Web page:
ANGOLA –Angolan food processing company Food Care has successfully exported 23 tonnes of food products to the United States, marking the country’s first food exports to the U.S.

The shipment consisted of various food products, including 23-kilogram bags of cassava flour, cornflower, catatos, cooked cassava leaves, mushrooms, and peanut butter, made possible through the African Growth and Opportunity Act (AGOA).

AGOA, a trade initiative, grants eligible sub-Saharan African nations duty-free access to the U.S. market for more than 1,800 agricultural products.

This groundbreaking export demonstrated the tangible benefits of AGOA and is the result of a partnership between Food Care and the U.S. Agency for International Development (USAID).


Mary Emma Arnold, the United States Deputy Chief of Mission in Angola, expressed her enthusiasm for the initiative.

She emphasized that the U.S. government, through USAID, is actively supporting countries in southern Africa to leverage AGOA’s opportunities.

“The regional program, valued at US$31 million, offers financial, technical, and business support to African companies like Food Care to help them access the U.S. market,” she noted.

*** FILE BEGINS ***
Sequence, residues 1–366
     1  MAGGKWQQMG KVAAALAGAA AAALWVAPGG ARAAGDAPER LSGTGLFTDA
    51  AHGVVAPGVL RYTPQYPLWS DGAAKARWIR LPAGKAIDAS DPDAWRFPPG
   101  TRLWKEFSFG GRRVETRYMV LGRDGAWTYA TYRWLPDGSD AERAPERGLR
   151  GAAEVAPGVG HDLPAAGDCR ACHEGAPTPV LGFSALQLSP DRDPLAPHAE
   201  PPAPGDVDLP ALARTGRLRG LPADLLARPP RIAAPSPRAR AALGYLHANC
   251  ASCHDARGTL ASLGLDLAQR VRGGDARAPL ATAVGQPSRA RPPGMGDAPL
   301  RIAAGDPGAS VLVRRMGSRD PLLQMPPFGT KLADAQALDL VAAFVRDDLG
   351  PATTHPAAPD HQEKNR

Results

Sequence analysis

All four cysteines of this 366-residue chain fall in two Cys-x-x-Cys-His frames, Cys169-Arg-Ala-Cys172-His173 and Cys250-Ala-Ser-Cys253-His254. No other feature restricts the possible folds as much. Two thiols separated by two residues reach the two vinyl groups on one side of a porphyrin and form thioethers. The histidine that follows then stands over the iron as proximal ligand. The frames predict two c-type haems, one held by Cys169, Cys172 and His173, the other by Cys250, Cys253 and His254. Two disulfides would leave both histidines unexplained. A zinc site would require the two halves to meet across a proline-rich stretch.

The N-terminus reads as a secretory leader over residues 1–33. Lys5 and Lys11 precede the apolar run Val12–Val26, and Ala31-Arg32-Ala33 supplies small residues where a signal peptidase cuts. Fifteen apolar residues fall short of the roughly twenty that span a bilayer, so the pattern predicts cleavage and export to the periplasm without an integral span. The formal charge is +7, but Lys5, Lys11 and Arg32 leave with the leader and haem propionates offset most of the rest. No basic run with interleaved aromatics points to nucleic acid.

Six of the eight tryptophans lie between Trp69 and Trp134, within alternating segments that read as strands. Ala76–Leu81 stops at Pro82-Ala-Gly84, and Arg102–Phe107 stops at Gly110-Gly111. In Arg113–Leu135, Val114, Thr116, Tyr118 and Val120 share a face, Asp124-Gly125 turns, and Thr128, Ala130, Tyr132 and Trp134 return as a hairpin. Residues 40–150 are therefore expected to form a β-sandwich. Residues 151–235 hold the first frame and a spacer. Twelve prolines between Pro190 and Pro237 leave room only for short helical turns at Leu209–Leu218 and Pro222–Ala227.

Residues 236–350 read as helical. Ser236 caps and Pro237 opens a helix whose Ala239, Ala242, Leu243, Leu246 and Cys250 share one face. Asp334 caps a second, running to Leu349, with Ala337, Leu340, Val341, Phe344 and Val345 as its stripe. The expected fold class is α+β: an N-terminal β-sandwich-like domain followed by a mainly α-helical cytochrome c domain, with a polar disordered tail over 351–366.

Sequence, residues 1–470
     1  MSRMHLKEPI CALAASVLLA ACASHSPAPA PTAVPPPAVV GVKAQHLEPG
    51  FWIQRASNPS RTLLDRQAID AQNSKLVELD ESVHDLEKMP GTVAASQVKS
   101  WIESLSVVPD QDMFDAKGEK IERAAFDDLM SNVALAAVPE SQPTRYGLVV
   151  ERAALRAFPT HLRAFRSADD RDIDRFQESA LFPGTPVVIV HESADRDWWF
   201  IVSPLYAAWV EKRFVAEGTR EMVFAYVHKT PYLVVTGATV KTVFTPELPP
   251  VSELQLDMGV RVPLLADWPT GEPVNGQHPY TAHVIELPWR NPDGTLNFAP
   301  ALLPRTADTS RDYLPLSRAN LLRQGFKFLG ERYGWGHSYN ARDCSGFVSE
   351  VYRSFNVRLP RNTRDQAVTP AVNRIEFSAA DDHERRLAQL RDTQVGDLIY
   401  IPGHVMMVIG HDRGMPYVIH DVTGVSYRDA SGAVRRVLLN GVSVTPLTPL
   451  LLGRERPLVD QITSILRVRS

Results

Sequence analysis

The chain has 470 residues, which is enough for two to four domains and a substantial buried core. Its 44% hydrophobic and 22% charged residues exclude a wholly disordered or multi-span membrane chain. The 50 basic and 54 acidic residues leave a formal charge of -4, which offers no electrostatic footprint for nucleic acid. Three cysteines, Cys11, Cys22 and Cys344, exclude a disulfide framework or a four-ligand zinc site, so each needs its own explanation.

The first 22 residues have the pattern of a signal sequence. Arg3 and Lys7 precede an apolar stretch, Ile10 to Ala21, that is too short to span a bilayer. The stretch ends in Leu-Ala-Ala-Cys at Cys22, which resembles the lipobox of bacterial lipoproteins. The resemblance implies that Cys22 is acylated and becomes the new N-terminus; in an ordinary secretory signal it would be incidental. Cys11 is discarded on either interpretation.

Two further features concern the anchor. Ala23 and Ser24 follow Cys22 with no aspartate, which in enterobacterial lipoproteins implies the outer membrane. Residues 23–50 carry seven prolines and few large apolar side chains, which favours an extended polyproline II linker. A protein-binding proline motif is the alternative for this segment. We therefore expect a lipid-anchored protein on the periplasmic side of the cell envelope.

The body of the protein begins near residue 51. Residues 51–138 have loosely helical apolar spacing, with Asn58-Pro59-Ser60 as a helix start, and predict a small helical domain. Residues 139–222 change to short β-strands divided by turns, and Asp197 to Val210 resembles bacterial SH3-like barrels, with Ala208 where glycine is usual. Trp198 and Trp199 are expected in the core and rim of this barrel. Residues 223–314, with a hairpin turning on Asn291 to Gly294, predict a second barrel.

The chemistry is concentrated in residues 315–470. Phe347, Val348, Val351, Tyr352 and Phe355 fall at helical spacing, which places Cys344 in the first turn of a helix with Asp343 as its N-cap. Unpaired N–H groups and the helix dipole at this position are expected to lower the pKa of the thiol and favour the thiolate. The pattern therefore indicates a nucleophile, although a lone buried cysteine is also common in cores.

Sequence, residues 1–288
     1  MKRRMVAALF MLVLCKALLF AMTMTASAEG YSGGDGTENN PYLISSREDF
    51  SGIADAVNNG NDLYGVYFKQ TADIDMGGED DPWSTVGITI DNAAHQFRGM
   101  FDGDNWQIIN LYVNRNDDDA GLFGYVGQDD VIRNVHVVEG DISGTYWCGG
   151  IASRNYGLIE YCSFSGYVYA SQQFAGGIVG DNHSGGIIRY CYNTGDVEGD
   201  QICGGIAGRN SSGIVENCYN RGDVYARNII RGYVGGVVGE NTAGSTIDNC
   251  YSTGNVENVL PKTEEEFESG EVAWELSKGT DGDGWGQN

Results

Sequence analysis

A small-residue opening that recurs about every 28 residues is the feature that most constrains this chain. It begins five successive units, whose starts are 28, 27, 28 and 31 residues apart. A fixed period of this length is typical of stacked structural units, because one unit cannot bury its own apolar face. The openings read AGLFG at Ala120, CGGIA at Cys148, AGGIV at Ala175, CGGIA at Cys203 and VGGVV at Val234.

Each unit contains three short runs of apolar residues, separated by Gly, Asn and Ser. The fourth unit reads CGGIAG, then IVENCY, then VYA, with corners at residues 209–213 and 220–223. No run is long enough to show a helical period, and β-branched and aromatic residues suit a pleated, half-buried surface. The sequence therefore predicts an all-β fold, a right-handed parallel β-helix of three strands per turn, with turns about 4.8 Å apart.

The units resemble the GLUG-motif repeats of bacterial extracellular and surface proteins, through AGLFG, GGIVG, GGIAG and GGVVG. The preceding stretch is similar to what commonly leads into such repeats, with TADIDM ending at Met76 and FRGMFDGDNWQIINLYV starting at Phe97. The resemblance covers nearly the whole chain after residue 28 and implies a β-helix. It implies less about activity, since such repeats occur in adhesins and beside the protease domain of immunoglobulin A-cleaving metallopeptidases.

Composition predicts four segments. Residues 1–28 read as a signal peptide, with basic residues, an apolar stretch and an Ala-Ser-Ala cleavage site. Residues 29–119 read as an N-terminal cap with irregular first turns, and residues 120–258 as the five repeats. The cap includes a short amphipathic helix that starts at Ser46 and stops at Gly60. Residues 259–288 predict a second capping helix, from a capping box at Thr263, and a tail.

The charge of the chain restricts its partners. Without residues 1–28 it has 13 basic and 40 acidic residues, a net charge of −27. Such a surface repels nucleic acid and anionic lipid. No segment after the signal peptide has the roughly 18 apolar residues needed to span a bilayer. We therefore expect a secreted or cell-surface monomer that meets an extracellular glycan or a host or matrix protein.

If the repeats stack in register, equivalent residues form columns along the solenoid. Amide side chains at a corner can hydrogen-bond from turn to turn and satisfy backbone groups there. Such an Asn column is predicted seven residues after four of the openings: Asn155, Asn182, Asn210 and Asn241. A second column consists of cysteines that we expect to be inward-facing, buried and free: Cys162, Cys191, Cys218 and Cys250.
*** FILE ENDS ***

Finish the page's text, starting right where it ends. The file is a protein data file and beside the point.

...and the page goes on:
Arnold highlighted that trade between Angola and the United States had traditionally centered on commodities such as crude oil, diamonds, and gas.

“The diversification of the economy through agricultural trade represents a promising avenue for growth.”

Eunice Pedro, Head of Production at Food Care, assured that all exported agricultural products meet rigorous hygiene standards and adhere to food safety procedures. The company places great emphasis on quality control and safety.

Food Care’s founder, Marlene José, established the company in 2019 with a focus on domestic operations.

The staff has since undergone extensive training to prepare for international food exports.

They have acquired knowledge about best practices, recommendations, and the stringent standards required for processing food products destined for international markets, particularly the United States.

According to Marlene this landmark export signified a significant step forward for Angola’s agricultural industry and its economic diversification efforts.

It also underscored the potential of AGOA in fostering trade relations between African nations and the United States, providing opportunities for mutual growth and cooperation.

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